PS 45-120
Synthesizing to teach ecology:  Using ethnographic, socioeconomic, and environmental science data to teach undergraduates the actionable science and ethical responses to the challenges imposed upon Arctic Nations by climate change

Wednesday, August 7, 2013
Exhibit Hall B, Minneapolis Convention Center
Bruce W. Grant, Biology & Env Sci, Widener University, Chester, PA
Bretton T. Alvare, Anthropology, Widener University, Chester
John H. Serembus, Philosophy, Widener University, Chester

Undoubtedly before the end of this century, the resiliency of our civilization will be tested by global climate change.  Our best hopes of passing these tests depend upon our ability NOW to improve our students’ capacities at synthesizing multidisciplinary knowledge, skills, and ways of knowing so as to enable them to comprehend the magnitude and urgency of the challenges of climate change and engage them in the solutions required for our collective global cultural resiliency.  Climate change is presently occurring most rapidly in the Arctic, and the Inuit peoples who live there are now experiencing climate change induced social upheaval comparable to what we all may experience in only a few decades.  Thus we have much to learn from their adaptive struggle and about our own capacity for adaptive response.  In addition, the past decade has seen an explosion in published discourse on the ethics of our responses to climate change, not only in the arctic but globally, as more cases arise where the impacts of climate change disproportionately harm those most vulnerable to it.  This rich context forms the content of a multiweek student-centered multidisciplinary jigsaw-based teaching activity we describe in this poster.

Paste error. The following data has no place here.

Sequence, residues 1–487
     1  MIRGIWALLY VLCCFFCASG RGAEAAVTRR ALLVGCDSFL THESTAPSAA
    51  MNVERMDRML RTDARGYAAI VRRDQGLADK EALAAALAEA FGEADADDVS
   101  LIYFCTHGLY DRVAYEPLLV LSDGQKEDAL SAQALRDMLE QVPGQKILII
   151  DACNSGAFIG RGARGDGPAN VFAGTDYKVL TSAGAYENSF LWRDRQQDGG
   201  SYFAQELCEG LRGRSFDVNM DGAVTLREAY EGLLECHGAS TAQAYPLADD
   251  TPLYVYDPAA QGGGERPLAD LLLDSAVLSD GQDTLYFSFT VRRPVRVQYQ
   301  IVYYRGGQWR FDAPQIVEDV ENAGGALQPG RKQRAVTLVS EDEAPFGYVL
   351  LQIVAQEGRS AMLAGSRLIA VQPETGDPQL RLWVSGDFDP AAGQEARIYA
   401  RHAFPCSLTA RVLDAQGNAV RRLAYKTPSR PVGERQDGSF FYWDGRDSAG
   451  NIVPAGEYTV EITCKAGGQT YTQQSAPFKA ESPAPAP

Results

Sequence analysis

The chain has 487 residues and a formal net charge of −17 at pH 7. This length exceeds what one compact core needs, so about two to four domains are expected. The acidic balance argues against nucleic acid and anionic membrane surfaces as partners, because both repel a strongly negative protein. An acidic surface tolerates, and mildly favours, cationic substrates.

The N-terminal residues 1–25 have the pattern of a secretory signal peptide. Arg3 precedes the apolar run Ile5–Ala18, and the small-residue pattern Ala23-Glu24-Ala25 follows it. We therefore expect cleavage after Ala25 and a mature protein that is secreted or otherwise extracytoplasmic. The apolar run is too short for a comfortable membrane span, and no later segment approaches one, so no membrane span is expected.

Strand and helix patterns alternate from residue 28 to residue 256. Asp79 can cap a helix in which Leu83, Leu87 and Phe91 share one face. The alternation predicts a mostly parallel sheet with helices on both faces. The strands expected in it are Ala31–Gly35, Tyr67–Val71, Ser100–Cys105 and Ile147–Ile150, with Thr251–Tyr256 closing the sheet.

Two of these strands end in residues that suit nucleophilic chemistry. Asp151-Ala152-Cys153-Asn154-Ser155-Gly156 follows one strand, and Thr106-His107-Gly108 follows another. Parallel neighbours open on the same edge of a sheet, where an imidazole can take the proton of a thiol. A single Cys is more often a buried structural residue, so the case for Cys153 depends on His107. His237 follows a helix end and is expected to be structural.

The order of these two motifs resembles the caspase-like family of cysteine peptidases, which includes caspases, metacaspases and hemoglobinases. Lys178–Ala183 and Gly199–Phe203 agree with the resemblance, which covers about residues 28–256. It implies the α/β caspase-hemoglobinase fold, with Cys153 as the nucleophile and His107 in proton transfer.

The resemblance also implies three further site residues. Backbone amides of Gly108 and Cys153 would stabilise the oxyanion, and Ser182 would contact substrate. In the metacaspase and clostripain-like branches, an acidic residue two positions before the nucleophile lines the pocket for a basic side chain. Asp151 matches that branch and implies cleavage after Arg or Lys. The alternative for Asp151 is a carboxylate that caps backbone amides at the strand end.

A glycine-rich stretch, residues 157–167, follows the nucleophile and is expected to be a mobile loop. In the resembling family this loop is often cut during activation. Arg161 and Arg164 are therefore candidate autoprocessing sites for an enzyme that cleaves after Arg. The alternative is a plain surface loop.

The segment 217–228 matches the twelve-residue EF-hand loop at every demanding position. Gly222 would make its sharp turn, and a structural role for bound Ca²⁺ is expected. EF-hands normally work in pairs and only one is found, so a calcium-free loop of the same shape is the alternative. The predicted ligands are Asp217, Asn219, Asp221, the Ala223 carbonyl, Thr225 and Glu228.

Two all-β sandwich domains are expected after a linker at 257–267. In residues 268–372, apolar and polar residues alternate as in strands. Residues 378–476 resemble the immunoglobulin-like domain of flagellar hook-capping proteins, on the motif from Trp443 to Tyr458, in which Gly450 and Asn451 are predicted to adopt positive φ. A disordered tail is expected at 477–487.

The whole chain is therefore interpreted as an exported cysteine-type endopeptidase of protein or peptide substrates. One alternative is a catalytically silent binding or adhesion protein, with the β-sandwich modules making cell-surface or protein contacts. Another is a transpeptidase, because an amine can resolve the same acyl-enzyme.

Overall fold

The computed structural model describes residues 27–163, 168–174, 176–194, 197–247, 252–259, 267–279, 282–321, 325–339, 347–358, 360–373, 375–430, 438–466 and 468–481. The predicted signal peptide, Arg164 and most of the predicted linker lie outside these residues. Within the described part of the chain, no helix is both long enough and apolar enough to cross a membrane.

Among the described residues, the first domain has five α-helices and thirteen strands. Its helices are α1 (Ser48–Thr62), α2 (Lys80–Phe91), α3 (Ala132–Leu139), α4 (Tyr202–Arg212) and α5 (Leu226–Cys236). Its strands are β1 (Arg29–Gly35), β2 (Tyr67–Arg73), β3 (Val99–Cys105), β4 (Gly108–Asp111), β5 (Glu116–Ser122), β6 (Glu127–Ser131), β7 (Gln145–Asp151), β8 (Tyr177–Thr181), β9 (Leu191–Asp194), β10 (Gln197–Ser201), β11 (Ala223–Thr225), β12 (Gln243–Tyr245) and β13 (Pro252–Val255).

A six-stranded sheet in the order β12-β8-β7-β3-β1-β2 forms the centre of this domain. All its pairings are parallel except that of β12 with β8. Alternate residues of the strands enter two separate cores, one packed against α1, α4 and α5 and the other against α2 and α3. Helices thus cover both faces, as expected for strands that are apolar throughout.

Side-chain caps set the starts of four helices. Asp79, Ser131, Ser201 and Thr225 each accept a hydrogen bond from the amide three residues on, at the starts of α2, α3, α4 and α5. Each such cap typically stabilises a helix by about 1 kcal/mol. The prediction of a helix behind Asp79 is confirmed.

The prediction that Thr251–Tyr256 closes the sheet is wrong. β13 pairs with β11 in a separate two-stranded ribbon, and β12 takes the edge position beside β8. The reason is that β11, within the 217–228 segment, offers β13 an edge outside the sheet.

Our data on student learning from this activity span five semesters of development, deployment, and revision in Widener undergraduate courses (twice in majors jr/sr ecology, twice in non-majors environmental science, and once in jr/sr "Values Seminar" interdisciplinary capstone).  In this activity, students select an Inuit community out of the circum-polar international Inuit distribution and research place-based (1) environmental data on warming of air/ water/ soils, melting sea ice/ glaciers/ permafrost, and ecological data on impacts upon communities of plankton to polar bears, (2) Inuit ethnographic data and traditional ecological knowledge on impacts of climate change on culture, worldview, and ways of living, and (3) social science data on Inuit food security, public health, housing, education, economic development, and other critical measures of social infrastructure.  According to student pre-post tests and reflective self-assessments, learning gains occurred in students' (a) understanding of climate change science and anthropogenic causality, (b) understanding place-based and culturally relevant Inuit environmental knowledge, (c) capacity to analyze, integrate, communicate, visualize, and synthesize interdisciplinary knowledge from scientific, ethnographic, and social science sources, and (d) capacity to use utilitarian and deontological ethical arguments to evaluate claims regarding actions to take to improve Inuit cultural survival and resiliency.